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  • Edición impresa de Febrero 21, 2012

IMPLEMENTATION COSTS OF STATE-BASED IMMIGRATION LAWS

In 2011, Kentucky, Louisiana and Tennessee abandoned “Arizona-style” bills after official fiscal notes estimated that those bills would cost state and local government agencies tens of millions of dollars to build the necessary bureaucracy and conduct training and government oversight, among other expenses related to implementation.  At a time when many communities are facing budget cuts—especially to their police departments, who would bear the brunt of immigration enforcement costs—this extra expense to do a federal job just didn’t cut it.  In addition to these estimated costs, there is also the certainty of extensive legal costs, as both the federal government and civil rights groups have sued the states to protect the Constitution and civil rights.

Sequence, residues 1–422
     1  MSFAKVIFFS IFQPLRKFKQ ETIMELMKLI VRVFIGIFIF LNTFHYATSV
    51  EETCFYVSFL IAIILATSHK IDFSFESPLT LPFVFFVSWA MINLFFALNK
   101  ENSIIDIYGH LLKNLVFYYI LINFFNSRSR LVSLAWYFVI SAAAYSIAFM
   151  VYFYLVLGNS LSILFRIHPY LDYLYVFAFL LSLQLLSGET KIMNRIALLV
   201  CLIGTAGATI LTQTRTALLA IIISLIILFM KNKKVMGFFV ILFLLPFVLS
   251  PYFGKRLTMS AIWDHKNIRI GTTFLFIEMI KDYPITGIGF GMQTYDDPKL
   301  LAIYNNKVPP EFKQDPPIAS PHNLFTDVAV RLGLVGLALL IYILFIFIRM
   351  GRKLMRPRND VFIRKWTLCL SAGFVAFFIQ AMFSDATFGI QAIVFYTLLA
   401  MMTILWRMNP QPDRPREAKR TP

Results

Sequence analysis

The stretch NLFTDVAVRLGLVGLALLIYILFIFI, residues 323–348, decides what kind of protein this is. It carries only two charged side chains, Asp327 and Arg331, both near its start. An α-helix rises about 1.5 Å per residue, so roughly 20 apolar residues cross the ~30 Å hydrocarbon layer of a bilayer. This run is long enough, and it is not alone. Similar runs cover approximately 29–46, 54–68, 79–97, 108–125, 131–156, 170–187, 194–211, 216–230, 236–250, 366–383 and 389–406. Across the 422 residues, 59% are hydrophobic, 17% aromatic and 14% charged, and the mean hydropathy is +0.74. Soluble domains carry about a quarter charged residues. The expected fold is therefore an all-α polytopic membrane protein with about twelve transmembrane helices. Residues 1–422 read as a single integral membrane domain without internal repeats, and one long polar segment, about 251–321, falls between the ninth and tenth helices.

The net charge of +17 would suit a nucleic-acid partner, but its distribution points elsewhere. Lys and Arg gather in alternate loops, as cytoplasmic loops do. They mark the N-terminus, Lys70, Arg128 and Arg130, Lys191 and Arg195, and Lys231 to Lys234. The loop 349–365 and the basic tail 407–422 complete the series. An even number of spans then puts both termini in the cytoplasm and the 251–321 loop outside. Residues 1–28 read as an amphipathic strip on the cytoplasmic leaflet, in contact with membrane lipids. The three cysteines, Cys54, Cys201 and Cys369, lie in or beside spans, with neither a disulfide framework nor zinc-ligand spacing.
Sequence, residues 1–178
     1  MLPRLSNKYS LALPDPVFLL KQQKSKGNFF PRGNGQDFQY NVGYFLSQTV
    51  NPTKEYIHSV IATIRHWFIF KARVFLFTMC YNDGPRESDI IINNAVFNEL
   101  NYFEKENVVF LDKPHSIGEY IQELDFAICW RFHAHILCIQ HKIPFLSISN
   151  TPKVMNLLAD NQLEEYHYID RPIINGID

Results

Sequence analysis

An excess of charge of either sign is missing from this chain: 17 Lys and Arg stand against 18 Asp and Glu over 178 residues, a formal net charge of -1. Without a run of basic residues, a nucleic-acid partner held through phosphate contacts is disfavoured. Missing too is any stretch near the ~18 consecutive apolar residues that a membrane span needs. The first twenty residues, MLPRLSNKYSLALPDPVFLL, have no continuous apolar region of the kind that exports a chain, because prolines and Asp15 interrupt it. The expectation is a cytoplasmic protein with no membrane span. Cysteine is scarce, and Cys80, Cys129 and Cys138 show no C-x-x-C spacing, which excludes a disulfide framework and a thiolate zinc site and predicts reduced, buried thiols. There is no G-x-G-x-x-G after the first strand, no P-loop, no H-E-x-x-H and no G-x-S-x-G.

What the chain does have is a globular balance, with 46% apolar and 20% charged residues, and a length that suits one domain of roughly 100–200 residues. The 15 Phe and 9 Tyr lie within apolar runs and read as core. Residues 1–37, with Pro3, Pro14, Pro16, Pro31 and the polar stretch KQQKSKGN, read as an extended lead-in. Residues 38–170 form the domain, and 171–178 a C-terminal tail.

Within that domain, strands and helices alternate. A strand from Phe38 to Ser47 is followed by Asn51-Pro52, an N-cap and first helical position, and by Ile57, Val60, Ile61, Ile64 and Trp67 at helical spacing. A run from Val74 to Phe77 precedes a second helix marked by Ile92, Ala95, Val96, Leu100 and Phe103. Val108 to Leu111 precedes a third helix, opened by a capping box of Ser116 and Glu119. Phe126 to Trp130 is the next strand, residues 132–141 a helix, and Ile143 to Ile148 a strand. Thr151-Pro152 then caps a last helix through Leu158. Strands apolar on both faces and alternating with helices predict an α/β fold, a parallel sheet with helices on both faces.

• $40 million in Kentucky—in a best-case scenario. Legislative staff in Kentucky estimated its immigration bill would have cost $89 million over several years to implement. Even assuming the state could save tens of millions in social services and would lose no tax revenues from immigrants who left (assumptions which ignore reality), the net impact of the bill would have been a $40 million loss to the state.

• $11 million each year in Louisiana. Representative Ernest Wooton abandoned his attempt to pass an Arizona-style law in 2011 once he saw the state legislature’s estimate of its price tag: $11 million in enforcement, training, and other implementation costs.  “I don’t have $11 million in my pocket,” he said when he withdrew the bill.

• $5 million in year one and $2.8 million in subsequent years in Tennessee. Between the costs to the state government itself and the Tennessee constitutional requirement that the state government pick up at least some of the costs incurred by local governments, Tennessee’s 2011 anti-immigrant bill would have cost an estimated $5 million in 2011 and $2.8 million for every year after that.

•$1.5 million in legal costs in Arizona, in the first year alone. As of February 2011, only nine months after Arizona’s law was passed, the state had spent $1.5 million defending it in court. That number is certainly higher now, and by the time the first of the seven lawsuits filed against it is settled by the Supreme Court in June, it will be higher still.

America’s Voice Education Fund

 


 

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